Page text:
I’m in Pescadero on the California Coast for a few days and find myself next door to a gigantic and very dusty pig. Ivy looks almost too heavy for her stumpy legs. When I walk by, she strugggles upright, legs about to buckle, hooves splayed out like much-abused shoes, skin folded into a leathery carapace like that of a rhino. She grunts and snorts at every lumbering step, inviting me to offer alms.
Even lying down appears to be strenuous exercise, given her bulk. She carefully bends one knee and allows herself to list sideways a little, hesitating just a second before she gives way and keels over in a cloud of dust. She is a powerful warning against gluttony.
It may not be practical for every family to keep a pig, but it does occur to me that considerably less garbage would find its way to the landfill with an Ivy to take care of the vegetable leftovers. She eats everything except cabbage. While her diet is essentially the same, not counting the cabbage, she is certainly far more efficient than my modest little worms, if distinctly more odoriferous.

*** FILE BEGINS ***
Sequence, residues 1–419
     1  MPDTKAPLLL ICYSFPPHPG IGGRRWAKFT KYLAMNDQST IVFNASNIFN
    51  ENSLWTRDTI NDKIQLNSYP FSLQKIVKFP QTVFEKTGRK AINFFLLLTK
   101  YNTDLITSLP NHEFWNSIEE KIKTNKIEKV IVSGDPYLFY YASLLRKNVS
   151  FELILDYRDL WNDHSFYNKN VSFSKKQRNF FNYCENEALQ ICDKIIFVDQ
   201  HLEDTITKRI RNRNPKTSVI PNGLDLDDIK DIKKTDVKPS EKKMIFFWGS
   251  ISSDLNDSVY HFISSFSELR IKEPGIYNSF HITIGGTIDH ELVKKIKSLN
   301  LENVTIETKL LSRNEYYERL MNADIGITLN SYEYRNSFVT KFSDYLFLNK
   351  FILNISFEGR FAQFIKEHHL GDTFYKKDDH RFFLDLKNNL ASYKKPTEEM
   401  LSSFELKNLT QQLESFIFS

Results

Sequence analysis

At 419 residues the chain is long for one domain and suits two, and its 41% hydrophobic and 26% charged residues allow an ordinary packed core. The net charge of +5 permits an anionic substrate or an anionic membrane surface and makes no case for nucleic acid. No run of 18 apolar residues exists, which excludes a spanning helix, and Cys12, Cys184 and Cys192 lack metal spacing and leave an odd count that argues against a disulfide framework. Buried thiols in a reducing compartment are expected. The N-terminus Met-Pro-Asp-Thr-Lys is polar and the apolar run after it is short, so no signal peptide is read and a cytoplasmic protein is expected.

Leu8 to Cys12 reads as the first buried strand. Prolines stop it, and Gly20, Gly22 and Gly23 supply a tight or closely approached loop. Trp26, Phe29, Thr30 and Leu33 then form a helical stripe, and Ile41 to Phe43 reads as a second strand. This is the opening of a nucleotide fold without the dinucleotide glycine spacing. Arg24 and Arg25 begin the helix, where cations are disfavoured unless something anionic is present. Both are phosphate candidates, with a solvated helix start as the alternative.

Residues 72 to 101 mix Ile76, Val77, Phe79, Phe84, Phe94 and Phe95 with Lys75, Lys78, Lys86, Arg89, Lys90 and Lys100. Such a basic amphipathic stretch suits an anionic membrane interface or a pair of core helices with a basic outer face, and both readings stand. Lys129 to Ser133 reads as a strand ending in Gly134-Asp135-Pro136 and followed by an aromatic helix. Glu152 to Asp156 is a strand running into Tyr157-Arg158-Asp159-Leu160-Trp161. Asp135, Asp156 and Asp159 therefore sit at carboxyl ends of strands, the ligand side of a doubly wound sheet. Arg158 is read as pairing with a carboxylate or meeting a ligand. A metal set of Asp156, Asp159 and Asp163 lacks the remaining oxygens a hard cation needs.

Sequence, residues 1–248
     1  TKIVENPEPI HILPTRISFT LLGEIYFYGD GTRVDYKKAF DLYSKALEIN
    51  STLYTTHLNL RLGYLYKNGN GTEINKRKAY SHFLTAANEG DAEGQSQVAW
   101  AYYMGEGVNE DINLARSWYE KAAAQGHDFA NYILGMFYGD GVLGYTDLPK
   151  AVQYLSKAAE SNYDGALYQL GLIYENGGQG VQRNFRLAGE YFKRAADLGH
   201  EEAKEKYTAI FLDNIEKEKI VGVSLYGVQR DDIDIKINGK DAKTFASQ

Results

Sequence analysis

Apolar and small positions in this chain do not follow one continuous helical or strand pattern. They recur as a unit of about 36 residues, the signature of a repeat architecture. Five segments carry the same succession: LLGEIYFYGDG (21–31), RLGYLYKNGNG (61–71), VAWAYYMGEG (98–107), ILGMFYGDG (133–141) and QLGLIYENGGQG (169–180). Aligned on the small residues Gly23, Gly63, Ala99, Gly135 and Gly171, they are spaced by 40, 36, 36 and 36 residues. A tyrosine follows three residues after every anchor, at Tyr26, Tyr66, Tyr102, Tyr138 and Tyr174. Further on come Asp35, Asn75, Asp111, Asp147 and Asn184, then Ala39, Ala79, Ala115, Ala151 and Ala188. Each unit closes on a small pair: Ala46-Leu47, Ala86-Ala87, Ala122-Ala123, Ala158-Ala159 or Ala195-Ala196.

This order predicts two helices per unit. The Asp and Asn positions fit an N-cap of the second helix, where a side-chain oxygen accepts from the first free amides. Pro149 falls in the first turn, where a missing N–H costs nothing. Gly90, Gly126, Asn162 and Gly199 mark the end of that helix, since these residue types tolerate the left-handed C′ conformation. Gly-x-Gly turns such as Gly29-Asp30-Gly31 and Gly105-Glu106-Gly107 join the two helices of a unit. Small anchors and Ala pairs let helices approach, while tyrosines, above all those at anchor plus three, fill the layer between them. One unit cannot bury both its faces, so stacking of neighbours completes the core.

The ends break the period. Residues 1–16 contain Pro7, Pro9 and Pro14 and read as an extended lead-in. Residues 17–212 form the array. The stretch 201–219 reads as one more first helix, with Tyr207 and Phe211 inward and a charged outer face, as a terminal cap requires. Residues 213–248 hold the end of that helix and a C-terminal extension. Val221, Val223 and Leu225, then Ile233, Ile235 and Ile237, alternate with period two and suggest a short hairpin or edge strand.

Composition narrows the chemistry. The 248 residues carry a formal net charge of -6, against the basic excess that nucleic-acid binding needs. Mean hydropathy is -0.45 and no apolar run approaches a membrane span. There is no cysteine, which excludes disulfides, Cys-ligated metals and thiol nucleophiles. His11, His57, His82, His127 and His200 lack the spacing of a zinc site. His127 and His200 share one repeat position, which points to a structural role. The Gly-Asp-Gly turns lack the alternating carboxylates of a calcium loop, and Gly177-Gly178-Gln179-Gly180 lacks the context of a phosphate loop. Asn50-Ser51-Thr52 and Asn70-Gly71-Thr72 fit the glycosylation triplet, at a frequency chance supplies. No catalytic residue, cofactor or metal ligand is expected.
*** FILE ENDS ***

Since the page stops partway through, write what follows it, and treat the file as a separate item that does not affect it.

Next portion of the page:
Early in the 20th century, many towns in the US kept piggeries as the most economical waste management solution, perhaps inspired by the roaming pigs that kept house in the streets of New York City until the 1880s and 90s, as well as the many clandestine stationary hogs that many poor people stashed in cellars and hallways as a cheap source of protein.
Just this morning I heard on the radio that Al Gore advises us to cut out at least one dish of meat from our diet every week, to help curb global warming. I suppose a swill-fed Ivy could still deliver a guilt-free carnivorous feast. On the other hand, as I contemplate this hog snorting up a puff of dust in her carefully moulded dirt bed, it is apparent to me why various cultures consider pork unclean.